It’s so strange to comprehend that my kids may pick up many of my current nuances. Not the ones I necessarily grew up with or grew out of, but those specific idiosyncrasies that are evident in my day-to-day adult existence as Great and Powerful Mommy.
They are plentiful. These quirks are the hardest hardcore. They have lasted more than three decades over. They are the equivalent to the mosquitos that can survive through November and December here in Georgia. Gangster.
As a child, selection has a tendency to come from a place of pickiness or simply fear of the unknown. A kid may not want to eat spinach because it looks like the leaves on the shrub outside their window. One child may balk at drinking water because of a lack of “flavor” or he may “hate” reading because it is not fun for him. Whether we want to feign nature or deny plausibility, it is truly difficult to repeatedly try to introduce children to something to promote their own relationships with that item when the parent loathes the thing. It is not my favorite idea to bring cauliflower into the house to encourage Jrue and Jai to like it, despite the vegetable’s positive qualities, when I have not historically stuck a bulb towards my face and have no immediate desire to do so.
The same goes for behaviors, values, choices, and cultural priorities. Most young kids only know what they see. They copy because it is human tendency to do so. This article from Parents discusses some of the reasons why. It isn’t until children are much older, and a bit more mature, that stronger decision-making minimally hits the radar and, even then, young people feel more confident following in the footsteps of their caretakers initially, with few questions, than following gut instinct.
Therefore, it’s quite amusing to reveal some parallels that my 4-year-old and almost 2-year-old have unveiled to me that seem to be correlated to subtleties that I own.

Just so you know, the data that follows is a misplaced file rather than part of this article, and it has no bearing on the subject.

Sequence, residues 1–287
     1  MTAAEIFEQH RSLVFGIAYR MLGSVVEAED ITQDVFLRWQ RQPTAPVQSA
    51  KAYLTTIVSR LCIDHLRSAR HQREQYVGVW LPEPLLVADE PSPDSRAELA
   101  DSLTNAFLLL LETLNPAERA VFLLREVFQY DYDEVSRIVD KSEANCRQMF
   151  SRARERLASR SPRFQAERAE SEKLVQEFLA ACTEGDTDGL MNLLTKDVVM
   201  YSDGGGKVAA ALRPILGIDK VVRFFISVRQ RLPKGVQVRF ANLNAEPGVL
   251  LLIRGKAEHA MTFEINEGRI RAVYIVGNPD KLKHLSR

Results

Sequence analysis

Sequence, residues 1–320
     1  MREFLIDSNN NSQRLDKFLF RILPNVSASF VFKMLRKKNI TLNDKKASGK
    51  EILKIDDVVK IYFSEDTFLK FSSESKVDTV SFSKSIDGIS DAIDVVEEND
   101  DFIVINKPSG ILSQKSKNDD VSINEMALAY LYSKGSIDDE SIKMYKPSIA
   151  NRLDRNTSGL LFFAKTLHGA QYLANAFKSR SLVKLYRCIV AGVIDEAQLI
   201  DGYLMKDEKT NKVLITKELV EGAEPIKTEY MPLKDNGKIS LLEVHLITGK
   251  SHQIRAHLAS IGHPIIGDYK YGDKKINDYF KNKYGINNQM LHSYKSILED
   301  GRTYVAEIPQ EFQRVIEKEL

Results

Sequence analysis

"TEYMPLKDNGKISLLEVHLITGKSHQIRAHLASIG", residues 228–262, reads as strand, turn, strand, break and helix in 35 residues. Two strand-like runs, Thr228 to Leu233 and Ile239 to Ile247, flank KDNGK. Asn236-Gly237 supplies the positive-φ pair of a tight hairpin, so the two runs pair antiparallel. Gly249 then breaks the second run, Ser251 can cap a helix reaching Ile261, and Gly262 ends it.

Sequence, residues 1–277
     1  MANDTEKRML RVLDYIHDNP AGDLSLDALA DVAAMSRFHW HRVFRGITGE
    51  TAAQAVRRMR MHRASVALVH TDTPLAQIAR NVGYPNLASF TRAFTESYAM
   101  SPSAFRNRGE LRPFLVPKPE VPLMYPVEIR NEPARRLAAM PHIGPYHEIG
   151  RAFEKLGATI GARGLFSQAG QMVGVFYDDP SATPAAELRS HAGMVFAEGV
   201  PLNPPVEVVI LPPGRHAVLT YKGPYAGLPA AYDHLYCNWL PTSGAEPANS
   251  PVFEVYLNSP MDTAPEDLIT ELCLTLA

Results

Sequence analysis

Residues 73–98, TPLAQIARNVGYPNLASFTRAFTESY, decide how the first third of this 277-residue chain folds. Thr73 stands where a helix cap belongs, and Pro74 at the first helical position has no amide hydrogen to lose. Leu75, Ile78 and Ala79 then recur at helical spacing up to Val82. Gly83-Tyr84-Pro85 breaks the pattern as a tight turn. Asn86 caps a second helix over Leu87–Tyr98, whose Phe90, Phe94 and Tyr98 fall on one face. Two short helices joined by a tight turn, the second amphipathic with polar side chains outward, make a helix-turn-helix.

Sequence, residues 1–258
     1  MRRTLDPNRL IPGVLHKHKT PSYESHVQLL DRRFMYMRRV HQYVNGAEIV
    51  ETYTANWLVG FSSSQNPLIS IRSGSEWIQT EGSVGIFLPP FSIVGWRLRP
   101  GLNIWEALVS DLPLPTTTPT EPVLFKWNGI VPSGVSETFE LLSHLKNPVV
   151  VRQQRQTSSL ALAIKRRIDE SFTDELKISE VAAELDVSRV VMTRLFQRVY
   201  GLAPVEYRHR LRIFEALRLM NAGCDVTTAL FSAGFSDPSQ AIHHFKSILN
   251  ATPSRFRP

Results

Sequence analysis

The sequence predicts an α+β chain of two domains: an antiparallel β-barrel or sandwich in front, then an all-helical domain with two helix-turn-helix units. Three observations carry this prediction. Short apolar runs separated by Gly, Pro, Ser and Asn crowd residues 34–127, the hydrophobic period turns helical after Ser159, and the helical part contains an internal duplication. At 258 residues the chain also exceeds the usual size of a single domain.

Jrue and Jai: Chips reign over anything; chips are life. Whole milk is the recommended beverage. No, french fries cannot touch the ketchup. Throw that whole plate away if it happens. If the chicken wing falls on the floor, it’s still delicious. French fries are tasty even 30 minutes later. Standing and walking while eating aids in digestion.
Mommy: My go-to cuisine isn’t the healthiest, though, being a parent has slowly helped turned around an honest handful of my eating habits. But, truthfully, a Diet Dr. Pepper may always remain my kryptonite. Also, my food cannot touch on a plate; it freaks me out. I detest soggy bread. Butter must be completely melted on toast. Oh, and I must eat a burger with the top bun facing me. And I don’t bite it—I rip pieces off and eat them. It goes on. See what I mean?
Jrue and Jai: A bedtime book must be indulged upon every night—no exceptions. They don’t care if pages have been ripped out or flaps have been removed. There are to be no toys in bed, even if placed there by the occupant just minutes earlier. It’s sippy-cup-room-only.
Mommy: I try to get to bed within an hour range each night, including the weekend. Any later, and I’m zonked the rest of the day. I always start my sleep on my right side. I must have my leg pillow to cushion my bony knees or I cannot get comfortable. I fall into bed with my bedside lamp on first and close my eyes to prepare for sleep, then reach over to turn off the lamp. It’s like my Lebron-tossing-the-chalk good luck charm.
Jrue and Jai: Music is to be played all day, every day, starting immediately after school. Tablets must be charged by morning. If not, the parents should be prepared to give up phones on demand for tech entertainment purposes. Dancing comes and goes as the spirit moves. We love our songs and reviewing our shapes and letters on Jrue’s Magna Doodle—mom and dad must be receptive to the requirements of this or we’ll scream.
Mommy: I live by my phone, less because of my generation, more because I have an app for everything. I have music playlists on top of playlists for the most minor car rides. I dance my way through scrubbing bathrooms and folding laundry. I must.
I’m a role model. I’m an influence. I imagine that I’m worthy to be imitated. Most of the time.
I have two miniature versions of me.
Those two are onto me.